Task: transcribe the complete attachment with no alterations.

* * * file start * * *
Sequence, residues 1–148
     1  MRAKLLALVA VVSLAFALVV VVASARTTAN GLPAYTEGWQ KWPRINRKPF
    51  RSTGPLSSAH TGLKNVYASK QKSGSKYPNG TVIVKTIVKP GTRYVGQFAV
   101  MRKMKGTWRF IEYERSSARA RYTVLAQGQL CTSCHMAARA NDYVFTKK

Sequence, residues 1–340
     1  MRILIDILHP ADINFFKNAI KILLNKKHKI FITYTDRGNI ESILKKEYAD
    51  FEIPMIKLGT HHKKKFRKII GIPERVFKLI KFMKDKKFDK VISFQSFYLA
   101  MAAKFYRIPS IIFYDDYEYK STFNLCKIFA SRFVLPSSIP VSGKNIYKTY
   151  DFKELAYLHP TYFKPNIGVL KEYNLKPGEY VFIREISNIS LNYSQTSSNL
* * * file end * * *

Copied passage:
Sequence, residues 1–148
     1  MRAKLLALVA VVSLAFALVV VVASARTTAN GLPAYTEGWQ KWPRINRKPF
    51  RSTGPLSSAH TGLKNVYASK QKSGSKYPNG TVIVKTIVKP GTRYVGQFAV
   101  MRKMKGTWRF IEYERSSARA RYTVLAQGQL CTSCHMAARA NDYVFTKK

Sequence, residues 1–340
     1  MRILIDILHP ADINFFKNAI KILLNKKHKI FITYTDRGNI ESILKKEYAD
    51  FEIPMIKLGT HHKKKFRKII GIPERVFKLI KFMKDKKFDK VISFQSFYLA
   101  MAAKFYRIPS IIFYDDYEYK STFNLCKIFA SRFVLPSSIP VSGKNIYKTY
   151  DFKELAYLHP TYFKPNIGVL KEYNLKPGEY VFIREISNIS LNYSQTSSNL